Yemen, the Sudan, and Mauritania break relations with the US.
The Fourth Day, Thursday
When an Israeli column comes within sight of the Suez Canal in the North, the Egyptians counter attack in the area of Bir Gafgafa, along the main line of march. There is a great tank battle in which the Israelis crush the Egyptians.
In Galilee the Syrians withstand the thrust of the Jews, who are now reinforced due to the end of resistance on the Jordanian border; the war ends on the Sinai front.
Israel broadcasts a recording of a telephone conversation between Nasser and Hussein in which they agree to accuse the United States and Great Britain of participating in the air attacks.
Egypt and Syria accept the cease fire.
The Fifth Day, Friday
Israeli airplanes bomb the Syrian positions, silencing their artillery and allowing the advance of their own troops toward the interior of Syria where they occupy the heights near the sea of Galilee.
Part of the forces of the UAR which are surrounded in Bir Gafgafa are able to break out and retreat to the African side of the Canal. Those remaining scatter and wander, without arms or equipment until they are taken prisoners by the Jews.
Nasser, in an emotional speech, resigns as the President of the UAR, accepts responsibility for the disaster and puts himself at the service of his country as a private citizen. His resignation is refused by the National Assembly and produces, paradoxically, an upsurge in popularity of the Rais, with demonstrations in the streets of Cairo.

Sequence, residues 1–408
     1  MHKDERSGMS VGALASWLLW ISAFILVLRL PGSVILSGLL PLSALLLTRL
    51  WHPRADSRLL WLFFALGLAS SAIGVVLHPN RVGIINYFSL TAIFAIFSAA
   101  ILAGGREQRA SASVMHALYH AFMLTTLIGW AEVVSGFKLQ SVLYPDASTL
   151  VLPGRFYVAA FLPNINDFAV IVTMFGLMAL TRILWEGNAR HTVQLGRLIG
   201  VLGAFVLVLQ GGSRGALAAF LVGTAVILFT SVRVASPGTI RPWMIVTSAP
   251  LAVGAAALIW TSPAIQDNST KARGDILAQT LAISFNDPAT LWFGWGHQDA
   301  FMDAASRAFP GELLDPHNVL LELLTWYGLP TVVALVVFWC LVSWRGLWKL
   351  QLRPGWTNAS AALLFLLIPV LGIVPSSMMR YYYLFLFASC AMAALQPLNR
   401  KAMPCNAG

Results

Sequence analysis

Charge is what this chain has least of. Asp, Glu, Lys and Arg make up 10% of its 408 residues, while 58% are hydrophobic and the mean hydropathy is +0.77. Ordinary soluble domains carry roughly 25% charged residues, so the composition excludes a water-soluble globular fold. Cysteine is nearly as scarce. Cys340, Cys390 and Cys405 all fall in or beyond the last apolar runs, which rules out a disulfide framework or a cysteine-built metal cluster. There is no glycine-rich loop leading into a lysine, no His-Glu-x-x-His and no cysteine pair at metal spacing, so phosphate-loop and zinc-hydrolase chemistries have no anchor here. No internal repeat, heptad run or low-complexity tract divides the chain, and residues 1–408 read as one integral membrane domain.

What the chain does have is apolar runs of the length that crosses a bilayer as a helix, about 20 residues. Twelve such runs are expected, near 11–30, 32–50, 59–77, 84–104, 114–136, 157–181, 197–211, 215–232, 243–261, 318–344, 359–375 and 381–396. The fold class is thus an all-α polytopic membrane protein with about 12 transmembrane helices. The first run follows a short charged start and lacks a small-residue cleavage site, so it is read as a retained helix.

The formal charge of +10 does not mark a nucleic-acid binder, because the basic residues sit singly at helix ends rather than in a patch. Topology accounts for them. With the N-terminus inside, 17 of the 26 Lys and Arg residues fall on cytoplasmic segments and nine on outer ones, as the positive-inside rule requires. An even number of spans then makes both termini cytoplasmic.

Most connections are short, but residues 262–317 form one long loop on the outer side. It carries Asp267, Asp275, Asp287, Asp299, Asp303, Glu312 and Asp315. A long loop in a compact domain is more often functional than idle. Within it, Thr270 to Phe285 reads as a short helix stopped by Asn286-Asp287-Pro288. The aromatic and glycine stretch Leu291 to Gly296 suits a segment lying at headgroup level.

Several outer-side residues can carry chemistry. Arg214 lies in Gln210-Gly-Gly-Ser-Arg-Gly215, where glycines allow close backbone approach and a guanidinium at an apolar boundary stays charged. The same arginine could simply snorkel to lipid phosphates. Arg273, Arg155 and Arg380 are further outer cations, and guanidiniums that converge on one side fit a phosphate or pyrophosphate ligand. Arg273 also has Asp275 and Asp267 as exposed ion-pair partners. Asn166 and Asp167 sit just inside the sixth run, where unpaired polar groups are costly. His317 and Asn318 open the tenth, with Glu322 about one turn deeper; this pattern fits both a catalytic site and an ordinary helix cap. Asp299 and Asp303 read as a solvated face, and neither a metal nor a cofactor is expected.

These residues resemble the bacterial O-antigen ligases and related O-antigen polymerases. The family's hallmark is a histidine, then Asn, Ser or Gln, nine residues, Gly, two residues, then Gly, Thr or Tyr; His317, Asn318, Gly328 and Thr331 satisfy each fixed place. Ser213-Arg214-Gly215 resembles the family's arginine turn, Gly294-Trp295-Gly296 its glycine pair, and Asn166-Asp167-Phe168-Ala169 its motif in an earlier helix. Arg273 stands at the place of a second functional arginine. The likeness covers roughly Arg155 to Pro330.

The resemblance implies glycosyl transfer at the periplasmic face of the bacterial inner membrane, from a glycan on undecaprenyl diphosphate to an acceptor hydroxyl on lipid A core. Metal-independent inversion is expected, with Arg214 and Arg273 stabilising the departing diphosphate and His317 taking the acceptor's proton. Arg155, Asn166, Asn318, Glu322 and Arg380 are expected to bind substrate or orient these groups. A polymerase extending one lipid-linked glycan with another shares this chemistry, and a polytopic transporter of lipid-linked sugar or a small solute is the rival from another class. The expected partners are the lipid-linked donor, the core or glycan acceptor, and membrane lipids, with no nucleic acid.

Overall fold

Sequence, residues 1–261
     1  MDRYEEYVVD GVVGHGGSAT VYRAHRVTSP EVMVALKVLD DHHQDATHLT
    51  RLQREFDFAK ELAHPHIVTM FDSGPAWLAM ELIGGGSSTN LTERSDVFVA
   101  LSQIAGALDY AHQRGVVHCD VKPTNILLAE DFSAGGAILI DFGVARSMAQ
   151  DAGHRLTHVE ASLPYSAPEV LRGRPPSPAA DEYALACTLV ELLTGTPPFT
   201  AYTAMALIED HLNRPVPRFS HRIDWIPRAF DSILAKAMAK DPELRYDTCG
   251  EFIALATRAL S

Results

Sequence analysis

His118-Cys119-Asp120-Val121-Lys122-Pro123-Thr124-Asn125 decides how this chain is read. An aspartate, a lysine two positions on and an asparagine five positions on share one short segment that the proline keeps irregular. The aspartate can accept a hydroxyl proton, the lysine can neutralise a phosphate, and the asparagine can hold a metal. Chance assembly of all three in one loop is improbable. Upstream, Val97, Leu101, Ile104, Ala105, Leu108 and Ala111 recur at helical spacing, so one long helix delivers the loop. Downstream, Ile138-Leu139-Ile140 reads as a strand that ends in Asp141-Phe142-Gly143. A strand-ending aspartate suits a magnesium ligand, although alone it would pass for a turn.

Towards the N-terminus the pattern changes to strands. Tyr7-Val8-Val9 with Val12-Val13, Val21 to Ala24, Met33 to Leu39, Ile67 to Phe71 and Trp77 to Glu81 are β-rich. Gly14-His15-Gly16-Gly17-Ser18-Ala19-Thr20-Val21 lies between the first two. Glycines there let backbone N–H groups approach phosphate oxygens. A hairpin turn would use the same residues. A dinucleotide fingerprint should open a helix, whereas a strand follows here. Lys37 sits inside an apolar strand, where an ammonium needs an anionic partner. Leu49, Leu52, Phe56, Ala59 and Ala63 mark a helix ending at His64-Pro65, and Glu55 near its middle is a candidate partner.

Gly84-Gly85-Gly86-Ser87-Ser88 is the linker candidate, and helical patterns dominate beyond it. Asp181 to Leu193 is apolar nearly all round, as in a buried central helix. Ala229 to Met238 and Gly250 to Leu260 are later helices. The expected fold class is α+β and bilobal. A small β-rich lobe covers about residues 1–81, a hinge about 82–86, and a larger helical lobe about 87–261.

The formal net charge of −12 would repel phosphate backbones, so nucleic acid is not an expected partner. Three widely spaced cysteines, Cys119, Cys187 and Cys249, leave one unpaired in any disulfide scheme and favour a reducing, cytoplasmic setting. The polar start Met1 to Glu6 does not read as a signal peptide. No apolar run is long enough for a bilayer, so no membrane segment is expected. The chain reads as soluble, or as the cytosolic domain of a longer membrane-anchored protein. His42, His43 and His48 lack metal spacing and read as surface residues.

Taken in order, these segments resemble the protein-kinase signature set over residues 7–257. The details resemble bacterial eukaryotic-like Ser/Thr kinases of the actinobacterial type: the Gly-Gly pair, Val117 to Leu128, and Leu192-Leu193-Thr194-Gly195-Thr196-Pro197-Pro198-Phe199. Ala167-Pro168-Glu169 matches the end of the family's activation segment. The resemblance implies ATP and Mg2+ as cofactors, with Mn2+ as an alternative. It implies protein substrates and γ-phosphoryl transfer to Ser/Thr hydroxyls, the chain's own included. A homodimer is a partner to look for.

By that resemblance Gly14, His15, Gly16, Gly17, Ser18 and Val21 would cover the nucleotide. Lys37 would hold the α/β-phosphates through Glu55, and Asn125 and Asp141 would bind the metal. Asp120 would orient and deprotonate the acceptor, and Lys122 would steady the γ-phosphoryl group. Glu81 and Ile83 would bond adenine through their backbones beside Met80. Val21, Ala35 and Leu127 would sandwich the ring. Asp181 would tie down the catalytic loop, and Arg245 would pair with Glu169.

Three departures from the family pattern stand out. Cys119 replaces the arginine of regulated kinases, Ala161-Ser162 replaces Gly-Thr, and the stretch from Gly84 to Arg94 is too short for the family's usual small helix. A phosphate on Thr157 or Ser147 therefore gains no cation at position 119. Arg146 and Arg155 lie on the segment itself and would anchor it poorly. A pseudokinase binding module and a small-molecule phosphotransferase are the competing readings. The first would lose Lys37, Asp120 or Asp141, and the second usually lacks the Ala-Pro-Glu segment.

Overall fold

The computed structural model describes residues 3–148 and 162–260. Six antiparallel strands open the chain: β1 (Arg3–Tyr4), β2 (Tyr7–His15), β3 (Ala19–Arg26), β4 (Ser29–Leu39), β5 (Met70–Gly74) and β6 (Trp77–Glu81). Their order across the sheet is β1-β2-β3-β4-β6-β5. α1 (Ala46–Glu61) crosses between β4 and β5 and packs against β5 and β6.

The Sixth Day, Saturday
The Israelis cross into Syria all along the border. There are air bales near Damascus.
Israel and Syria agree on a cease-fire.
The USSR breaks diplomatic relations with Israel.
With the cessation of the fighting on the Syrian front, at 6:30 PM Middle East time) the Arab-Israeli War is over. As they say.
A soldier in the Signal Corps, a witty young man and fond of practical jokes; he could run like a gazelle and they called him “Kangaroo.” Happily without any culture, but a very capable broadcaster. A fine performer of popular songs. He was born in a kibbutz near Genezaret. He died on the fifth day near Bir Gafgafa.
Night time still.
Which is the adjective,
which the substantive?
Who is responsible
for this disaster?
If you don’t tell anyone
in part it is…
Ibn Musa Amir
A Bedouin. He was in a tank, his corpse half burned, about twenty meters from the highway, two hundred kilometers to the south of Gaza. I don’t know, of course, the day of his death.
Yes, certainly the land you offer me is better, richer than my own.
But it’s not the same.
Every piece of land is different: some have water, some have none, some are high and some are low, some are steep and some are level, good for sheep and bad for goats, close to the sea and far away, hot and cold.
But none of this matters.
There are only two kinds of land: mine and all the rest.
You can offer Paradise to me; what I want is the desert I was born in and which you stole from me.
You can give me a palace made of richly colored marble. What I want is the tent where my two horses and three camels gave birth.
Don’t give up yet. Kill me, so my dust can return with the wind and mix with the desert sand.
You will find the whole translation in this pdf file: Impossible Sinai, Max Aub